CD Review of No Tellin’ Lies/3.V by Zebra

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No Tellin’ Lies/3.V
starstarstarhalf starno star Label: American Beat
Released: 2007
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Zebra is a three-piece rock band that enjoyed so much local success (in both New Orleans and Long Island) in the '80s that it prompted Atlantic Records to sign them as a can’t-miss prospect. But somehow, Zebra managed to fade into obscurity. Maybe it was the fact that there were so many other movements going on at the time – MTV and New Wave to name a few, with arena stars like the Police and Journey hogging entertainment dollars. But Zebra (still together, in fact, after all these years) would go on to release three albums on Atlantic. The band’s debut was mildly successful, and while the follow-ups, No Tellin’ Lies and 3.V, didn’t fare as well, you can now buy both of them as a re-issue two-fer from new label American Beat Recordings.

Though the two albums on this set had little commercial success, hard-core Zebra fans know better, because these guys consistently delivered great music. No Tellin’ Lies was almost a continuation of the band’s self-titled debut, and in fact a few of the songs the band played in their set before getting signed were held back for the next two albums. One of those songs was “Wait Until the Summer’s Gone,” which was so influenced by Led Zeppelin that it could have easily landed on any Zeppelin album. “Bears” is another of those tracks – a four-and-a-half-minute pop song that builds into a chorus featuring lead vocalist Randy Jackson and some of his trademark emotive screams. Also on No Tellin’ Lies is the dreamy “Lullaby,” as close to a ballad as you can get from a band that rocks this hard. Other tracks on No Tellin’ Lies that just positively screamed were the metal-tinged title track and the rump-shaker “Drive Me Crazy.”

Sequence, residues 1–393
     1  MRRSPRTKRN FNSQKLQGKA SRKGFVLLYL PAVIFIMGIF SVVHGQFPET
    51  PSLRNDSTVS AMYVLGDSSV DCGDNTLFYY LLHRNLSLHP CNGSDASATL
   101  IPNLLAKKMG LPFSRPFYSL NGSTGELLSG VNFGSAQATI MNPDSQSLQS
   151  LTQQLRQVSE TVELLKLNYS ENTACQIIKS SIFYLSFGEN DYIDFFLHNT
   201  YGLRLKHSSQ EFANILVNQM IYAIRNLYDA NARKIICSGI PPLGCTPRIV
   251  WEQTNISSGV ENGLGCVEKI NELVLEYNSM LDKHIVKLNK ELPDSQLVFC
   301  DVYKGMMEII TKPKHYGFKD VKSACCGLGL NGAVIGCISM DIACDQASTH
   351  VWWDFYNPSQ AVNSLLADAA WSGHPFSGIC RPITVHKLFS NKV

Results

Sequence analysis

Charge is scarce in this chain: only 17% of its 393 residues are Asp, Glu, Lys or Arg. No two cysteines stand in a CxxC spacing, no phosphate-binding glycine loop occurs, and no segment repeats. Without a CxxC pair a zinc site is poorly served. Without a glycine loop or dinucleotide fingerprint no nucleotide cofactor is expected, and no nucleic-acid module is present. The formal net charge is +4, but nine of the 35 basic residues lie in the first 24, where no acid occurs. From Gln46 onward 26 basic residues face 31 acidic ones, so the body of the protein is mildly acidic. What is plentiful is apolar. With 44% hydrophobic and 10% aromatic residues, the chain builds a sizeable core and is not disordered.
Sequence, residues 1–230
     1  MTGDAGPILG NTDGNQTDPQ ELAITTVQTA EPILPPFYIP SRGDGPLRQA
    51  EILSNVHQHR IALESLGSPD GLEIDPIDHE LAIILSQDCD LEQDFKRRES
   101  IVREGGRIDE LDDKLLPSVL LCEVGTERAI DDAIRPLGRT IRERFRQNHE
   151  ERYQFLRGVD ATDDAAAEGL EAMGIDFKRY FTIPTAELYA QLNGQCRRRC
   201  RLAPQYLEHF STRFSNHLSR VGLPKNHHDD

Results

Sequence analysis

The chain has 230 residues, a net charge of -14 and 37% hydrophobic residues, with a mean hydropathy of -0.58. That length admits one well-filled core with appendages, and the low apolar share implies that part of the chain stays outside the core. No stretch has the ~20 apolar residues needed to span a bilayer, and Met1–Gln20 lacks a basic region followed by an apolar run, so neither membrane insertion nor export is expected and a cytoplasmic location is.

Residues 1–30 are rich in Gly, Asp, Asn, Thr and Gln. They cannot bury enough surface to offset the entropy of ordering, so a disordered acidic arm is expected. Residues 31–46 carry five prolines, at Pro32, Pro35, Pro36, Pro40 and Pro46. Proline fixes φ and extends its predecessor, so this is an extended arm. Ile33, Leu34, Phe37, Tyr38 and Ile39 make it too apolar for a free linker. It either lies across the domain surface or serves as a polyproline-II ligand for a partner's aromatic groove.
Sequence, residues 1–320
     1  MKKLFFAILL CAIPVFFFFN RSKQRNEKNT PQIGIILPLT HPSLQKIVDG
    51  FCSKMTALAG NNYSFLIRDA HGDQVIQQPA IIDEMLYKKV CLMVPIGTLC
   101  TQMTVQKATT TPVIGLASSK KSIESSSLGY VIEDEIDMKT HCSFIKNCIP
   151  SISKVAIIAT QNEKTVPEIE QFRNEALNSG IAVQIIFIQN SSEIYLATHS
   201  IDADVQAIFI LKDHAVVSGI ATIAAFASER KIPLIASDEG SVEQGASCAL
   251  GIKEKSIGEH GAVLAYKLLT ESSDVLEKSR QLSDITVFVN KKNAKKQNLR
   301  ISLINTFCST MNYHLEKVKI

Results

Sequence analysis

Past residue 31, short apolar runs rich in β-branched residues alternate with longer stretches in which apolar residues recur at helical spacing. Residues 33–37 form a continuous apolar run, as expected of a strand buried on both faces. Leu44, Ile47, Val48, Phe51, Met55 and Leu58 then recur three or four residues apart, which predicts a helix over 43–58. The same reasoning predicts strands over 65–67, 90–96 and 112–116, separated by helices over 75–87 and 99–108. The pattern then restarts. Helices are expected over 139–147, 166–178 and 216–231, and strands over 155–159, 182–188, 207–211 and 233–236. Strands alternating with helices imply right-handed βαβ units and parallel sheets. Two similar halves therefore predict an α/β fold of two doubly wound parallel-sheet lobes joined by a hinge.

3.V featured another track from the band’s early days, “Hard Living Without You,” which was a cross of two Zebra influences, Led Zeppelin and the Moody Blues. The rest of this particular album is not up to the lofty standards Zebra set for itself with the first two efforts, but there are some solid offerings. “He’s Making the Fool” has a catchy chorus, and “Time” is a pretty 12-string ballad that sounds like a cross between Zep’s “Rain Song” and “Kashmir.” And rocking tracks “Better Not Call” and “About to Make the Time” are two of the more underrated songs in the band’s catalog.

If you remember seeing Zebra on the club circuit in the early days, this collection is going to bring back fond memories. And if you are just being introduced to them, imagine Led Zeppelin, the Moody Blues, Triumph and Rush all being melded together. It’s kind of a shame that Zebra’s unprecedented local success (they would sell out venues with regularity and had major rock radio stations pimping them before they were signed) didn’t translate into a long and prosperous career. But it’s all good, especially because labels like American Beat exist to bring their music back, and because you can still see Zebra perform these songs today.

~Mike Farley